NEWARK (CN) – The leaders of a New Jersey production company claim Live Nation Entertainment, the “world’s largest promoter of live popular music concerts,” defamed them as “thieves” and “broke” and tortiously interfered with their contract with the New Jersey state fair at the Meadowlands, through “threats and false statements.”
“Among other illegal tactics, Live Nation threatened to deny ticketing to the venue if it were not permitted to share in the contract,” Juice Entertainment and its principals Thomas Dorfman and Chris Barrett say in their federal complaint.
The plaintiffs say that after they successfully booked headliners for the 2010 Latin Music Festival, they began discussions with State Fair Event Management (SFEM) to produce events at New Jersey’s 2011 state fair at the Meadowlands.
They were granted a contract to produce an electronic dance event for the fair, and to produce other events in a designated area for the next five years, the plaintiffs say. They say the powerful William Morris Talent Agency told them that it “wanted to be ‘the wind behind your sails.'”
But almost immediately, Live Nation, which Clear Channel Entertainment spun off in 2005, started using “heavy-handed tactics” to try to make State Fair Event Management cancel the deal, Juice says.
It claims that SFEM President Al Dorso told them that a Live Nation representative had told to him that Dorfman and Barrett were “‘broke’ and could not afford the necessary talent to stage the State Fair concerts.”
The Live Nation rep also claimed that the plaintiffs lacked the knowledge to produce events of the size required by the contract, according to the complaint.
The plaintiffs say they tried to book Tiesto, the foremost Electronic DJ in the world, to be a headliner at the State Fair, by Live Nation prevented it, “by threatening him that he would not be permitted to play at other venues controlled by Live Nation if he appeared at the State Fair.”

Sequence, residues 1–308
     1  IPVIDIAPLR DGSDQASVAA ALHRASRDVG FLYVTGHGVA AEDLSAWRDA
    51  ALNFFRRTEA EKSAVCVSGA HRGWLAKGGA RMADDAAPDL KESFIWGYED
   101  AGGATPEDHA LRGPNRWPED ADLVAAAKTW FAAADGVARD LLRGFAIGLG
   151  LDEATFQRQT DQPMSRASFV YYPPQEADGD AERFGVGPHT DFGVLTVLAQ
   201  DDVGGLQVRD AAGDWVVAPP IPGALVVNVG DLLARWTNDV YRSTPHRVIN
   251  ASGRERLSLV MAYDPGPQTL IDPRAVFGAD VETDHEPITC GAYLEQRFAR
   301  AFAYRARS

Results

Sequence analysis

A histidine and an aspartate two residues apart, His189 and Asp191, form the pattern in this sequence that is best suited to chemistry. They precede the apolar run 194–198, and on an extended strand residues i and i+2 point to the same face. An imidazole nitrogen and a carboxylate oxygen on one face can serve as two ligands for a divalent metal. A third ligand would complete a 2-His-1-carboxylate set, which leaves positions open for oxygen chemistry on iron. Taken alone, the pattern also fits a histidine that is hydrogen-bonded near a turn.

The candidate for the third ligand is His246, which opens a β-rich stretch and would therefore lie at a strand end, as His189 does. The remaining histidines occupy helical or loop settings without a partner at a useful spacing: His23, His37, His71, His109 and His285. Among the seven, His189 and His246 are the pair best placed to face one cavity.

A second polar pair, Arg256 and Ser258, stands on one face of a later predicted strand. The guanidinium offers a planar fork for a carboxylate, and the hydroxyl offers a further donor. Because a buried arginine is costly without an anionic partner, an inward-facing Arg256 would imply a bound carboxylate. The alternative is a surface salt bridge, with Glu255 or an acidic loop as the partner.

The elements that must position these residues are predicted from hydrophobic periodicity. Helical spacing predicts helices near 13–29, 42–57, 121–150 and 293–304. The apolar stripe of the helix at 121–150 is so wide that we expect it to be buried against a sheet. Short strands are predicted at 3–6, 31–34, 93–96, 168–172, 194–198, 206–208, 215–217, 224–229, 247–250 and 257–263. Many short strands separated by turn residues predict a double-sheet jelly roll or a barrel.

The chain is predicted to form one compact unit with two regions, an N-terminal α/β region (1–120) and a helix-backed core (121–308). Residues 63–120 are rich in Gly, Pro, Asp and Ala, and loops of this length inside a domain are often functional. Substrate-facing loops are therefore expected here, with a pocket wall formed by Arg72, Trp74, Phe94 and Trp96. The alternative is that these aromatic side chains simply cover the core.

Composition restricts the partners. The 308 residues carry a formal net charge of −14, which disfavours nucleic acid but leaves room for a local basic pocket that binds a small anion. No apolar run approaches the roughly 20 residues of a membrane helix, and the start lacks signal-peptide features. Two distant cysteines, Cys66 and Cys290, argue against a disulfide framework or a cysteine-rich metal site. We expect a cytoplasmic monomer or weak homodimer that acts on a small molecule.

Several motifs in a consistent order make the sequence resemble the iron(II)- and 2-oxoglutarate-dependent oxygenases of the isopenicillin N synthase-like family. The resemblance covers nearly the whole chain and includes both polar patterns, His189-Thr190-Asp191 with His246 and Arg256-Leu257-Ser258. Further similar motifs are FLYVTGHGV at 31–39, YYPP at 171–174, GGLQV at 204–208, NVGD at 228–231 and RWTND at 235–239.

And, Juice says, after sending “$1 million in offers to artists for contracts to perform at the 2011 New Jersey State Fair,” Dorso told them that a representative from Live Nation claimed that the William Morris agency “belonged ‘exclusively’ to Live Nation and that no artists represented by William Morris would be permitted to sign contracts with Juice Entertainment to appear at the State Fair.”
Juice says Live Nation has an exclusive ticketing contract with the Meadowlands, where the State Fair is held, and with the New Jersey Sports and Exposition Authority, the owners of the Meadowlands stadium. They claim Live Nation used its pull with the Authority horn in on the contract by calling the plaintiffs “thieves” and threatening that “they would make ticketing services unavailable for the State Fair at the Meadowlands” if Live Nation was not cut in on the contract.
The plaintiffs say they tried to find a resolution by agreeing to meet with Live Nation, but that the defendant “had no intention of doing anything other than dictating terms to Juice Entertainment.”
Juice claims Live Nation told it they had to fire members of their team, that if it was not made a partner it would continue to block talent from signing with Juice and that it “would use its relationship with the Authority to pressure SFEM to kick Juice Entertainment out of its contract with SFEM.”
Juice says that when it refused to cave into Live Nation’s “shotgun marriage ‘proposal’,” Live Nation carried out “its threats and blocked plaintiffs from signing artists in time to meet the requirements of the agreement. As a result, Juice Entertainment was not able to sign artists sufficient to stage the shows at the State Fair.”
Shortly after, Juice’s contract with the State Fair was terminated.
The plaintiffs seek punitive damages for tortious interference, unlawful interference, defamation and unfair competition, and a permanent injunction preventing Live Nation from making any more defamatory comments about them.
The plaintiffs are represented by David Stone, with Stone & Magnanini, of Short Hills, N.J.